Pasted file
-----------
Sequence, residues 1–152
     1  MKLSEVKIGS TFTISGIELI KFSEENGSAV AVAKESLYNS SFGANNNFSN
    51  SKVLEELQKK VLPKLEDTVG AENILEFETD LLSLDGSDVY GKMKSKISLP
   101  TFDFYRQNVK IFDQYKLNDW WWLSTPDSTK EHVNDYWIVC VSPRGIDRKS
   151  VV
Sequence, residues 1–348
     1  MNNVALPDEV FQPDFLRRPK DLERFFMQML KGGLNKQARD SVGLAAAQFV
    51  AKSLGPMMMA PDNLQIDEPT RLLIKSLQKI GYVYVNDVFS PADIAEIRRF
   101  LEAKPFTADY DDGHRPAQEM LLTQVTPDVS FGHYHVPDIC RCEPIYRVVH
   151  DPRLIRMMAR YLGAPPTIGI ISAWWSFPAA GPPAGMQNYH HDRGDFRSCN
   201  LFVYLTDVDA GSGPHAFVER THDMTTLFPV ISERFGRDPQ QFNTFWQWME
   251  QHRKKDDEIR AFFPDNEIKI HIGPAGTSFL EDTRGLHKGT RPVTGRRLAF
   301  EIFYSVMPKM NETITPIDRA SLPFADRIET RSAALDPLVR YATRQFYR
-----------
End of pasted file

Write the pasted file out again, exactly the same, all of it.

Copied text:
Sequence, residues 1–152
     1  MKLSEVKIGS TFTISGIELI KFSEENGSAV AVAKESLYNS SFGANNNFSN
    51  SKVLEELQKK VLPKLEDTVG AENILEFETD LLSLDGSDVY GKMKSKISLP
   101  TFDFYRQNVK IFDQYKLNDW WWLSTPDSTK EHVNDYWIVC VSPRGIDRKS
   151  VV
Sequence, residues 1–348
     1  MNNVALPDEV FQPDFLRRPK DLERFFMQML KGGLNKQARD SVGLAAAQFV
    51  AKSLGPMMMA PDNLQIDEPT RLLIKSLQKI GYVYVNDVFS PADIAEIRRF
   101  LEAKPFTADY DDGHRPAQEM LLTQVTPDVS FGHYHVPDIC RCEPIYRVVH
   151  DPRLIRMMAR YLGAPPTIGI ISAWWSFPAA GPPAGMQNYH HDRGDFRSCN
   201  LFVYLTDVDA GSGPHAFVER THDMTTLFPV ISERFGRDPQ QFNTFWQWME
   251  QHRKKDDEIR AFFPDNEIKI HIGPAGTSFL EDTRGLHKGT RPVTGRRLAF
   301  EIFYSVMPKM NETITPIDRA SLPFADRIET RSAALDPLVR YATRQFYR